Frequently asked questions about Russia

  1. What about my passport?
  2. What are the best festivals and when do they take place?
  3. What is the accommodation like?
  4. What is the best time to travel?
  5. What is the electricity situation in Russia?
  6. What is the recommended currency for Russia?
  7. What is the time difference?
  8. What kind of clothing and other stuff is practical to take?
  9. What kind of luggage should I take?
  10. What kind of transportation is used?
  11. What local customs do I need to keep in mind?
  12. Which travel guides and maps?
  13. Can I pre-book transfers and extra nights?
  14. Do I need a visa?
  15. Do I need vaccinations or malaria tablets?
  16. Do they cater for vegetarians in Russia?
  17. How are communications in Russia?
  18. How is accommodation arranged if I book alone?
  19. Is Russia dangerous?

1. What about my passport?
You need a passport that is valid for at least 6 months from the date of your departure. You are responsible for having a valid passport and visa when you travel.
2. What are the best festivals and when do they take place?

The most important festivals in Russia are: New Year (1st January), Christmas (7th January), International Women’s Day (8th March), International Labour Day (1st May), Victory Day (9th May), Independence Day (12th June) and Unity Day (4th November).
Aside from these festivals, there are a number of public holidays in honour of the army, the navy, the air force, the fire service, the police etc. as well as a number of religious holidays of which Easter is the most important. Throughout February there is much music and culture to be seen on many stages in Moscow. The most important festival in St. Petersburg is the ‘White Nights festival', which is a very memorable occasion. During this period in June-July, it never gets completely dark at night. Throughout the city there are concerts, opera, ballet and classical music in all of St Petersburg's theatres. On the banks of the River Neva the nights become very busy when the bridges are opened at 2am.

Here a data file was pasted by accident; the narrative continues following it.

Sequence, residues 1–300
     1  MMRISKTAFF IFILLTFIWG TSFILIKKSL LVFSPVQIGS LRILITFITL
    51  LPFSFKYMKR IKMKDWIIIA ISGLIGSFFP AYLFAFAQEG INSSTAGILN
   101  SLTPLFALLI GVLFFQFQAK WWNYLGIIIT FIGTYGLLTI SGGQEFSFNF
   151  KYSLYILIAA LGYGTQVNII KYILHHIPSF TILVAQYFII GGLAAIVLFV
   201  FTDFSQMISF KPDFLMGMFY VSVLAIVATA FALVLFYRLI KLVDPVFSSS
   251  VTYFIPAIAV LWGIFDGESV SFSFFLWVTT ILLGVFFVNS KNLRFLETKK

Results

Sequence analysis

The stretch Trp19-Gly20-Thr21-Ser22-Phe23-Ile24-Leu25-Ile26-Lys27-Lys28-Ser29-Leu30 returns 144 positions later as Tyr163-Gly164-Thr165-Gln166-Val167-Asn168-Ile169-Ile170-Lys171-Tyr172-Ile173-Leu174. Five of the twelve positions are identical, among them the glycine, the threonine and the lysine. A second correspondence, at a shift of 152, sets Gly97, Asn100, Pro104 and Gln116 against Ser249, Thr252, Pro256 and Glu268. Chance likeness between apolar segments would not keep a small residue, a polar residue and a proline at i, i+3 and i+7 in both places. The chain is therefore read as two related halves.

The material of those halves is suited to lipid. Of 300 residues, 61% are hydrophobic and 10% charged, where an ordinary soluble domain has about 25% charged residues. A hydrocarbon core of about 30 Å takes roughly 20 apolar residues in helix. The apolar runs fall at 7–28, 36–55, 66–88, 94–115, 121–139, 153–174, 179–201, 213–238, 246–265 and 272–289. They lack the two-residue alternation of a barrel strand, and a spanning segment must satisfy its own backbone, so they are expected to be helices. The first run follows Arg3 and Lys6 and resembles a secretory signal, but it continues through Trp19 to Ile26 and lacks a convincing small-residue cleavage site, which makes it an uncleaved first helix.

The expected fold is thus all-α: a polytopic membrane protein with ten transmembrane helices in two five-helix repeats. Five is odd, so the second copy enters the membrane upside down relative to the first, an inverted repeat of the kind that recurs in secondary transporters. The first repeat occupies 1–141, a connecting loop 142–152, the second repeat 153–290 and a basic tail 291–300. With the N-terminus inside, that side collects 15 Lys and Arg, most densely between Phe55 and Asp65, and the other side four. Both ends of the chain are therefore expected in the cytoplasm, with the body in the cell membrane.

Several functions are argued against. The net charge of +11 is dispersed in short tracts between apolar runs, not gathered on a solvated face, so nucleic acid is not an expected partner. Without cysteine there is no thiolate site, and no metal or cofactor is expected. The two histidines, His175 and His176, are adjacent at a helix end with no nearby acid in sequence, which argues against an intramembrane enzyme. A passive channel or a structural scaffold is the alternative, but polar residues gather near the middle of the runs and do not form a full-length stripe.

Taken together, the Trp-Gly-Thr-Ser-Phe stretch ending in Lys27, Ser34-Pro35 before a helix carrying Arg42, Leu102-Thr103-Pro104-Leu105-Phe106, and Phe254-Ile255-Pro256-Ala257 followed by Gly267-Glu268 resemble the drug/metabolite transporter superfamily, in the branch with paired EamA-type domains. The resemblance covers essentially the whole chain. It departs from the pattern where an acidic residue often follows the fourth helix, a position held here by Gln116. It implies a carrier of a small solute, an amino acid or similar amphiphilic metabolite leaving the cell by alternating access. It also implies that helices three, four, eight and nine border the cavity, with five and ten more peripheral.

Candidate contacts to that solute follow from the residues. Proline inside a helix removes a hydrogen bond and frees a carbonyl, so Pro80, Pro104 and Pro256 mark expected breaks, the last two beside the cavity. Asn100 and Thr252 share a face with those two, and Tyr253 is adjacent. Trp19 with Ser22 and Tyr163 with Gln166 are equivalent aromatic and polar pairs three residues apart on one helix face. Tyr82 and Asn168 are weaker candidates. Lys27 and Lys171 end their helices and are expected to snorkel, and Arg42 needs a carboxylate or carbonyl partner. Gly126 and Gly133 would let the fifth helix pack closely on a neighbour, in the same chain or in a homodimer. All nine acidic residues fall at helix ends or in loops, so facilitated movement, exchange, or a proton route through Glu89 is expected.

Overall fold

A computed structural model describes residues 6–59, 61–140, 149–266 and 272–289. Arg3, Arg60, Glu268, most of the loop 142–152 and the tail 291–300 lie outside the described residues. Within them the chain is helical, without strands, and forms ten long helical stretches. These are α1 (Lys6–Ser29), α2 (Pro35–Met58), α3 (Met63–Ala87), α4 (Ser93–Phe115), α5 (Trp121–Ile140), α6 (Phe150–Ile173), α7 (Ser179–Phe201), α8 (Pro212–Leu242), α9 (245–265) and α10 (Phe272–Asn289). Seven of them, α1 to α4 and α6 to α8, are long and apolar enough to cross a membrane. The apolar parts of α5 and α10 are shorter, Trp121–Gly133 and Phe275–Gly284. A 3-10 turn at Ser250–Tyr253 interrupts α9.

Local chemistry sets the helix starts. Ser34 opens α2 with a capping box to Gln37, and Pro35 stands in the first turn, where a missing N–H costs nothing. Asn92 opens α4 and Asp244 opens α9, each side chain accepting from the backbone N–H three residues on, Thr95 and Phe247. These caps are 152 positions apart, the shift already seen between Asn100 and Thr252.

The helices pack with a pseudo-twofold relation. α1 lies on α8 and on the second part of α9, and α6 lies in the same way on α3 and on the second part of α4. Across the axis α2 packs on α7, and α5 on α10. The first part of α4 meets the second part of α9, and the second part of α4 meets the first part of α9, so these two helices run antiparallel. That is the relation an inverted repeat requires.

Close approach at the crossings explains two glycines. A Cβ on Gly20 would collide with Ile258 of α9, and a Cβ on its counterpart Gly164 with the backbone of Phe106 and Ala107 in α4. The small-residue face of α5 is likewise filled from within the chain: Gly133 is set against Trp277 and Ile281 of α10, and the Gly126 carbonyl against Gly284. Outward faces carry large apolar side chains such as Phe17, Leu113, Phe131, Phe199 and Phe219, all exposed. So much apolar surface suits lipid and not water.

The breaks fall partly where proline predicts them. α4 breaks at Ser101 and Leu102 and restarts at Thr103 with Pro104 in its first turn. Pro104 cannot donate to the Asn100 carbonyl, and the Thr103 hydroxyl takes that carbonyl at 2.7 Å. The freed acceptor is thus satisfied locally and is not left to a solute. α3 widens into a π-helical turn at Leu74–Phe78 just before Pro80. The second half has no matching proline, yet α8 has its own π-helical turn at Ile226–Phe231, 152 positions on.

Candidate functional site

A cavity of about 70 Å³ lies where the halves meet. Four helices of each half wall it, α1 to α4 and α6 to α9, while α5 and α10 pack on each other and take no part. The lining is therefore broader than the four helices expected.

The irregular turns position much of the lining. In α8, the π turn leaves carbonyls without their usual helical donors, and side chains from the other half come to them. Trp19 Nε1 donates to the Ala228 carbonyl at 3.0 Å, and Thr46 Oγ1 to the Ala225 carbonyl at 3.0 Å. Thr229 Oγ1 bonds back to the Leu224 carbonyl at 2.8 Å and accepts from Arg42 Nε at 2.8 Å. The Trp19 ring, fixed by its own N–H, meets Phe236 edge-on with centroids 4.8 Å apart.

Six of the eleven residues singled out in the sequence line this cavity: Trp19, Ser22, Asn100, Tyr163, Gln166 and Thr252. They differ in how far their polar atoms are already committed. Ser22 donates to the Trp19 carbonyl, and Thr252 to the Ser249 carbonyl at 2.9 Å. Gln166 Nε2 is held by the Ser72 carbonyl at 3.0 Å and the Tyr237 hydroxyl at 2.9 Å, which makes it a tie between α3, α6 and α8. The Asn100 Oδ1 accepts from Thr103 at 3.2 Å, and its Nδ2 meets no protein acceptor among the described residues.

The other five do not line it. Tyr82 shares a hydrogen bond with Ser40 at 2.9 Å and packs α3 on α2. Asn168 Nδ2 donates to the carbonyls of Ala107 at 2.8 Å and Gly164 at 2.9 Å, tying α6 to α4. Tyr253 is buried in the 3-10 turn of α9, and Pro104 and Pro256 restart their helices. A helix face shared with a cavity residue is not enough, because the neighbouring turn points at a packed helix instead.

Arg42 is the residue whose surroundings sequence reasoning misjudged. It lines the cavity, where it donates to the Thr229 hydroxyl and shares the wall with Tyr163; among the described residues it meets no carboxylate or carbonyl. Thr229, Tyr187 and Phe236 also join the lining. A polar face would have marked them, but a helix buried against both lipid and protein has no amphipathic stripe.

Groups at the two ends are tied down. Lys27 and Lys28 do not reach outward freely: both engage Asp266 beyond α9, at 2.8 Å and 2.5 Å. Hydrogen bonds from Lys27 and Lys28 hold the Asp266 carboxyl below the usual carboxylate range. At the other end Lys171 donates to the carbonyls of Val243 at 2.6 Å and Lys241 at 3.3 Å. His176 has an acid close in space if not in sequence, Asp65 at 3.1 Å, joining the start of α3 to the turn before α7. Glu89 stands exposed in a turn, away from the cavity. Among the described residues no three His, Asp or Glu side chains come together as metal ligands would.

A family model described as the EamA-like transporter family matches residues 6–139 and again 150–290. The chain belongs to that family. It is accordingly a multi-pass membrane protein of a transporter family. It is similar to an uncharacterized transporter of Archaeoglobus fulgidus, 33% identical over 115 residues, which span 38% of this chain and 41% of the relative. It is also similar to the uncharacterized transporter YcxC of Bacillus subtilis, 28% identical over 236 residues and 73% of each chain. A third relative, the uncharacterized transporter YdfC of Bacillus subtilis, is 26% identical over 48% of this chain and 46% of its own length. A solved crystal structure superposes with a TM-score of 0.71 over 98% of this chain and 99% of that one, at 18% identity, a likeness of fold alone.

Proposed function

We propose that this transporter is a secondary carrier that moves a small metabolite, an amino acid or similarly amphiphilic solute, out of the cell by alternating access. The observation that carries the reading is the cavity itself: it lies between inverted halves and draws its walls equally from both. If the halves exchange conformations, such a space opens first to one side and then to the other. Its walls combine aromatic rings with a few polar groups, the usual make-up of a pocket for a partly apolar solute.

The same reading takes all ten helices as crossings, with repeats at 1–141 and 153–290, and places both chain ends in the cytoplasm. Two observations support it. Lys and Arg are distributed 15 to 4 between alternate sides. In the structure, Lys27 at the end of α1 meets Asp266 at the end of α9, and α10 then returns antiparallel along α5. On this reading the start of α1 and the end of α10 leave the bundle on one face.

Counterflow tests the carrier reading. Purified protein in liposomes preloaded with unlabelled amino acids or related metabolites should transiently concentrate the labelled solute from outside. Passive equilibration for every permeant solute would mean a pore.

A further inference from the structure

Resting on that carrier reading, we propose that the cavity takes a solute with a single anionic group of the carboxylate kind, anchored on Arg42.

3. What is the accommodation like?

You will stay in medium priced hotels in rooms with private bathroom 

4. What is the best time to travel?
The best time to visit Russia is during the summer months (April-September). The winters in St. Petersburg are very cold whilst Moscow is more moderate. That said, it is very interesting to visit Russia during the winter and see its genuine snowy scenes that give the landscape a certain charm. The Russian Winter Art Festival also takes place in Moscow during this period. Operas, ballets, theatre and re-enactments of folklore tales characterise the festivities. You can also ride on a troika, which is a traditional Russian sleigh pulled by three horses. Christmas and the New Year are celebrated with public festivities such as music, stalls selling warm drinks and traditional Russian food on all the big squares and parks in Moscow and St. Petersburg.
5. What is the electricity situation in Russia?

Please click here to check what voltage and plugs are in use in Russia. You could consider taking a universal electric plug adaptor too.

6. What is the recommended currency for Russia?

The official currency is the Ruble (RUB) divided into 100 kopeks. Most major credit cards (Visa, MasterCard, Amex, etc.) are accepted in the larger hotels and tourist places. Currency can be changed at banks, currency exchange booths and hotels. ATMs are widely available in the major cities. It is hard to get rubles outside of Russia and travellers are advised to take good condition US dollars or Euro notes to change once there. It is illegal to pay for goods or services in hard currency, though in practice it is often accepted.

7. What is the time difference?

Please check the world clock in order to find out the exact time difference.

8. What kind of clothing and other stuff is practical to take?

If you go during the summer, an umbrella is very useful. Bringing a jacket and/or jumper is also a good idea. If you visit Russia during the winter, you will require warm, windproof clothing and gloves, scarves and warm headgear. It is advisable to wear many layers. Warm boots that cover at least your ankles are practical in winter due to the deep snow. For a trip to a theatre, concert or restaurant, you should wear smart clothing. When visiting churches it is not permissible to wear shorts, short skirts, open tops or sleeveless T-shirts. Further important items to bring include good, comfortable walking shoes, sunglasses, sun creams, swimwear for Russian saunas, a cap, long trousers, a jumper with long sleeves, toiletries, a first aid kit, a camera and spare batteries, an alarm clock, writing equipment, books, your valid passport and visa, all relevant travel insurance details and documents.

9. What kind of luggage should I take?